• Learning agility—the ability to apply past lessons to new and first-time situations
  • Emotional intelligence—reading and relating to others


  • Thought—understanding the business, making complex decisions, and creating the new and different
  • Results—taking initiative, managing execution, and focusing on performance
  • People—building collaborative relationships, optimizing diverse talent, and influencing people
  • Self—being authentic, open, and flexible and adaptable


  • Challenge—motivated by achievement in the face of tough obstacles
  • Independence—prefers to work freely, autonomously, and with limited involvement from others
  • Structure—prefers process-oriented, structured, and stable work environments
  • Power—motivated to seek influence, recognition, and increasing levels of responsibility

Born-digital executives also tend to be motivated more by independence (working without imposed constraints), while going-digital executives are more often motivated by challenges (learning, growing, and pushing themselves).

Other key differences show up between the two in the “self” and “people” competencies. Born-digital executives tend to be higher in self-oriented competencies, such as adaptability, managing ambiguity, and nimble learning. They resemble in their motivation other professionals with high expertise, and even those who are emotionally intelligent often show lower levels of people-oriented competencies.

In contrast, going-digital executives rank higher in people-oriented competencies, such as interpersonal savvy, collaboration, managing conflict, building teams, communication, persuasion, and inspiring and developing talent. These leaders tend to be strong in building relationships and influencing others— critical capabilities, given the scope of most digitization strategies. In comparing these groups, going-digital executives are 28% more likely to score high in “building collaborative relationships” than their born-digital counterparts; born-digital executives are 20% more likely to score high in “being flexible and adaptable” in comparison to their counterparts.

Executives who are digital natives also show strengths in understanding the business, making the right call, having a strategic mindset, and being open, innovative, and resilient. Theirs is a world of trial and error. It’s easier and faster to test an idea on real users/customers rather than spending days or weeks debating a concept’s validity. Many born-digital executives also say that failing equals learning, and therefore failing fast equals learning fast; this is an alien concept in many established companies where quality and incremental, continual improvement is paramount to success.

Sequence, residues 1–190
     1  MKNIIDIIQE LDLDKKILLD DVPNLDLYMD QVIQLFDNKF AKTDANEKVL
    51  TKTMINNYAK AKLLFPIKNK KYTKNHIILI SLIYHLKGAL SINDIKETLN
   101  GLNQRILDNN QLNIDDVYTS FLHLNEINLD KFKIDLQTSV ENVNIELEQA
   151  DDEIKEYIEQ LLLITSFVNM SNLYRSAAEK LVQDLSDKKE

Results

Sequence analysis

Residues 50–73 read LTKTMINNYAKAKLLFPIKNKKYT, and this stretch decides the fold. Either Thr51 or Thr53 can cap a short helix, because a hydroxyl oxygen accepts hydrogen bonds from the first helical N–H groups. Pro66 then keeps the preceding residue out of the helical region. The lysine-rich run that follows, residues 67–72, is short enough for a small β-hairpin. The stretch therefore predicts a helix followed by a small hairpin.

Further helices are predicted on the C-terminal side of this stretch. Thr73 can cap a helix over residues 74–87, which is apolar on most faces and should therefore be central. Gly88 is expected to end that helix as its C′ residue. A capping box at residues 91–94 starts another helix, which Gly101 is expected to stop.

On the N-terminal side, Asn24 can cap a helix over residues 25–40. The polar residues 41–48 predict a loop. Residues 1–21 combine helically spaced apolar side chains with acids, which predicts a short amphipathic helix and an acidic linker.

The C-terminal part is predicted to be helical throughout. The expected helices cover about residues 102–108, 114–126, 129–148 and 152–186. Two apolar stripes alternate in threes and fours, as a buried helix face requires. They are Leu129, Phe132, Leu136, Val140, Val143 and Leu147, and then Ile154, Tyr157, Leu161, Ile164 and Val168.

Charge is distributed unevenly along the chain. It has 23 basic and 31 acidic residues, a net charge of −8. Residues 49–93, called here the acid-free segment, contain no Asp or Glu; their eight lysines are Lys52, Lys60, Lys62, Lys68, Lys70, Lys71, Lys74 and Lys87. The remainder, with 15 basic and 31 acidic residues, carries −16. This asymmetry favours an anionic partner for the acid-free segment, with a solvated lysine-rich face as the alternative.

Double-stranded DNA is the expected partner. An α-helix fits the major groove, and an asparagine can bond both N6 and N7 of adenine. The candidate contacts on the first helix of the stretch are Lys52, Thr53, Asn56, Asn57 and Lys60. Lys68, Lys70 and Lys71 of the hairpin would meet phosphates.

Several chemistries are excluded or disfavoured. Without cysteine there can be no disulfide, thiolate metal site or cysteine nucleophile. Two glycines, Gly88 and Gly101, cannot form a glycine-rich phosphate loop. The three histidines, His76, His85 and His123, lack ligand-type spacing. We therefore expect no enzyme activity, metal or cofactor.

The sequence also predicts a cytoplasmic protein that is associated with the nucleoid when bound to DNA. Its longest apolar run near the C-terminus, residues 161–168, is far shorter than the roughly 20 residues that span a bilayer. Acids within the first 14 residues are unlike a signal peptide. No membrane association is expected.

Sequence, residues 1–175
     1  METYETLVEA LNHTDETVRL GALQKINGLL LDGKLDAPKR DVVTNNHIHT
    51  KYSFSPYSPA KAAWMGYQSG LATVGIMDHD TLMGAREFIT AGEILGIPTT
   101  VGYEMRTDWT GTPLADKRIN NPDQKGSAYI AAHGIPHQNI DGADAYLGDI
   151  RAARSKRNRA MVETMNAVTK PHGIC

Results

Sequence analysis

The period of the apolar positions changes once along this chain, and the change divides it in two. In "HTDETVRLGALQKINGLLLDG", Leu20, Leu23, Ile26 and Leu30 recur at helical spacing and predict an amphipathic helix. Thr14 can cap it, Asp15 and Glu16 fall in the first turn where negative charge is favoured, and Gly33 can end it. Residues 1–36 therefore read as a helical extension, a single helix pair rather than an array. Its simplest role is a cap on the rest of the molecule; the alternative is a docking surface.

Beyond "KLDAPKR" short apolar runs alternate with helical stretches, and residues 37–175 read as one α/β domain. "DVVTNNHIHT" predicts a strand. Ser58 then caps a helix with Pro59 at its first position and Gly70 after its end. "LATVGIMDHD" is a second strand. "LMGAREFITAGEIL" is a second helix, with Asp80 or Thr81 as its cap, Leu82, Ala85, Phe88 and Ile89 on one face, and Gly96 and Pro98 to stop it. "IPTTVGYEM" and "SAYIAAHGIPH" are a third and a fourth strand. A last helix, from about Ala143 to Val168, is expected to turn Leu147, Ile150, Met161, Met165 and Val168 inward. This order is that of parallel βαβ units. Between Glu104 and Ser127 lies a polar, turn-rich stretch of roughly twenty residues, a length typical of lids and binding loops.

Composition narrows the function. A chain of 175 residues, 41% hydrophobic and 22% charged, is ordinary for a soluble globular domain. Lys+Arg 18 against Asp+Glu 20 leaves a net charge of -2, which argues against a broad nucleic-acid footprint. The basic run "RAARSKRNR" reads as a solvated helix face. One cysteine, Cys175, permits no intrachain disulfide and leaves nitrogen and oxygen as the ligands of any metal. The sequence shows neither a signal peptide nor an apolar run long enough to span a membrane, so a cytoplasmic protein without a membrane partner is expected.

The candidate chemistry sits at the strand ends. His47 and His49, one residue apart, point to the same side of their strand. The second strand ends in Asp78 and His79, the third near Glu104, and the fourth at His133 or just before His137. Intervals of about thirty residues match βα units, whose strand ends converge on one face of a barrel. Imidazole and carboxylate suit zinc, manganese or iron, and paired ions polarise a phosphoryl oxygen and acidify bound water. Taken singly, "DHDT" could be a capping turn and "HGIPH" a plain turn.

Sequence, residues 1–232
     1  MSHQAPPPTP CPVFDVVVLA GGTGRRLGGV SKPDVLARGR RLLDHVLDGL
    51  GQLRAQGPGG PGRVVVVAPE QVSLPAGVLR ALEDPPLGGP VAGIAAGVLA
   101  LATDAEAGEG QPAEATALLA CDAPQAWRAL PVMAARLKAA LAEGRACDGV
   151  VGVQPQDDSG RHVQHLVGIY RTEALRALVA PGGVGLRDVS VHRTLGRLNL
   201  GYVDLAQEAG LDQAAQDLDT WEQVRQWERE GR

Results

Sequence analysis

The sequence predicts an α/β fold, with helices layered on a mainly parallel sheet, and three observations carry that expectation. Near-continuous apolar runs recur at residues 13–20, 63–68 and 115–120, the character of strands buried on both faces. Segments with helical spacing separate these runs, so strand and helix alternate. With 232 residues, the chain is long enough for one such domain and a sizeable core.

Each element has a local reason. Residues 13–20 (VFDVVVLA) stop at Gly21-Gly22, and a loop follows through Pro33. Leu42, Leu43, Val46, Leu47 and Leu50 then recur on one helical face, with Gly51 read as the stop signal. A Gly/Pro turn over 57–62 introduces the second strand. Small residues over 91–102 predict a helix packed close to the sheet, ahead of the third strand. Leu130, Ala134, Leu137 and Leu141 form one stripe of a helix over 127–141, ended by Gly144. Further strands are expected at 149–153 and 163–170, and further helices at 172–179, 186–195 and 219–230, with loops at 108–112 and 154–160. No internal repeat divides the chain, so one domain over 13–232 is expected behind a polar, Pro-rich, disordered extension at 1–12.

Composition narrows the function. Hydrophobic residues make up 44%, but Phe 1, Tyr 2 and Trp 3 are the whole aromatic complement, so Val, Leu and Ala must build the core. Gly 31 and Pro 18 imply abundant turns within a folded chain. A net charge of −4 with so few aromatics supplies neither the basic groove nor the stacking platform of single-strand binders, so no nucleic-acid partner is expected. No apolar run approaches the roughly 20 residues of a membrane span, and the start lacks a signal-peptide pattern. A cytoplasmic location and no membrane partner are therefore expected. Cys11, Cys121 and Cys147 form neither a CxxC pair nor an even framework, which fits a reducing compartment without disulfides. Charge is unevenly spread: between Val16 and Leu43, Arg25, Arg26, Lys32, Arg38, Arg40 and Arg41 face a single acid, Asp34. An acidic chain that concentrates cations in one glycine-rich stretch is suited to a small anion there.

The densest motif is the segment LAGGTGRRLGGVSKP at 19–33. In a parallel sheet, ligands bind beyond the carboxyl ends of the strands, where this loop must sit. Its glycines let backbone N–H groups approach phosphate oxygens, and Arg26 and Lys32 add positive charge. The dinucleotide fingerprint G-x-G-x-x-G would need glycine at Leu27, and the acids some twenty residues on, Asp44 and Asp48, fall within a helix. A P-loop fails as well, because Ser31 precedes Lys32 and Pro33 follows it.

Given the need for digital expertise and people-oriented influence in organizations, companies likely should adopt a hybrid strategy that combines the strengths of both talent cohorts. This approach also lowers the risk of what can be a difficult dynamic or unhappy fit between an independent-minded born-digital executive and a hierarchical, large company.

Building bench strength.

Talent that’s ready to go digital can be found throughout most traditional companies today. Some of these leaders may have expertise already in digital strategies and applications; others may have strong interests in them. They may vary in their readiness, some immediately capable of helping to lead a digital transformation, and others getting involved in the near term.

Those who are digitally ready tend to thrive in a testing and learning environment with quick cycles of trial and error. They are action oriented and open to new ideas. They possess learning agility. This is a key success trait that Korn Ferry defines as the willingness and ability to take on new and different challenges while applying lessons learned before to new experiences and first-time situations. To complement their digital readiness, internal leaders may need development in leadership skills, exposure to more digital experiences, a broader vision, and capabilities to achieve results through others.

A hybrid strategy that emphasizes organizations’ internal digital readiness also requires a different outlook on the workforce. This view must emphasize all across the organization the importance of tech-savvy talent who are comfortable with change and eager to learn how to do things in new ways. Assessing the capabilities of internal talent can produce significant benefits. As Korn Ferry has found in its work with clients, organizations in the short term can increase their “digital transformation capacity” by identifying and developing internal talent with profiles (determined by assessment) close to the ideal for digital transformation. In the medium term, organizations can improve their “pure digital” capacity by exposing core leaders to digital experiences. The “transformation capacity” also increases significantly when core leaders are challenged to develop transformational competencies.